This book is the second book in a series by Mary Norton about little people who borrow what they need to survive from humans.The borrowers from book one are Arrietty, Homily and Pod. They continue their story in this sequel. In this book other borrowers are introduced. These include Spiller, Uncle Hendreary, Eggletina(one of Arrietty's three cousins) and Aunt Lupy.
In the beginning, I found this book to somewhat boring. It was a narrative from a human called Kate. She was the girl who learned of this story in book one. She and her Great Aunt Sophie travel from their home in the city to the country where Great Aunt Sophie inherited a cottage. This cottage is near where the borrowers story started. There was a complication however. It seemed that someone else lived in that same cottage. This man was now old. He lived there in the cottage for 80 years. Kate and Great Aunt Sophie want to find out if the story of the borrowers is real or not. Old Tom Goodenough is the man who lived in the cottage. He was also the young man in the original story who was brought in to use his ferret to try to get the borrowers out of the house. He remembers the borrowers. He had Arrietty's diary and let Kate read it. The book then flashes back to the actual time when Arreitty, Homily and Pod are escaping from the big house and trying to survive in their new world.
They had to try to find the Badger Set where they think other family mambers are living. This is the story of their journey. Arrietty, Homily and Pod find an old boot and decide that it would be their sleeping area. They had to drag it with them during the day, while they looked for the badger set. You could say this was an early camping trailer. They had a hard time finding the badger set, and decided to secure the boot under a stumps root and use it as a permanent home. Arrietty met Spiller who helped them. He supplied them with meat, tea, candles and a lot of other things. Spiller would borrow these items from a number of souces. He used a tin soap box for a boat and floated up and down the stream. Things were going well and then the frost came and then the first snow. They ran out of food and had to rely only on some wine that Spiller gave them. They got drunk and forgot to cover their entrance and a gypsy who was the owner of the boot, found it and took it home. Arrietty, Homily and Pod were still in the boot!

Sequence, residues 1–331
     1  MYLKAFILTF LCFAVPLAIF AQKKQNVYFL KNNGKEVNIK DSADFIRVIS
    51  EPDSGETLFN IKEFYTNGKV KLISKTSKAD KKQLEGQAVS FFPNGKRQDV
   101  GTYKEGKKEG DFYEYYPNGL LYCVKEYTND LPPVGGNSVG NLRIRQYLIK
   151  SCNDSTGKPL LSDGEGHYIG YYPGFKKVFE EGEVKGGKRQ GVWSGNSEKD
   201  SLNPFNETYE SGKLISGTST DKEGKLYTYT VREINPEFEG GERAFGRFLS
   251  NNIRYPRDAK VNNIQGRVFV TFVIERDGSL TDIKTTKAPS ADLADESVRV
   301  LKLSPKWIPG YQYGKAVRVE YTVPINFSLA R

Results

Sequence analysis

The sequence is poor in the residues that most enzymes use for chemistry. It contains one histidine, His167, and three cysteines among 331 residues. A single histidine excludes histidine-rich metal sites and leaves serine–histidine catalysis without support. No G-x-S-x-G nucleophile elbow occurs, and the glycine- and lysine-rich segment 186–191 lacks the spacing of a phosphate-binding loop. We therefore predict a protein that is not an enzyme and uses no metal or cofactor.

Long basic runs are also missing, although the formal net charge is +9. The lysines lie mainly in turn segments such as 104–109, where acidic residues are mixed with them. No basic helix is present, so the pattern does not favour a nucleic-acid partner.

This is where the book gets really good. I won't ruin the surprise of this books ending for you.
I found this book a little hard to get into at first. I wish Mary Norton could have gotten to the plot line quicker. I like to read about how they survived and what they used to survive. Once I got into the main part of the book, I could not stop easily. It was suspensful. I wonder if Mary Norton will allow us to be introduced to other borrowers and further the story line with Arrietty, Homily and Pod. I like these characters and want to find out what will happen to them. I guess I will have to continue and read the rest of this series. Maybe you will hear from me in a review of The Borrowers Afloat.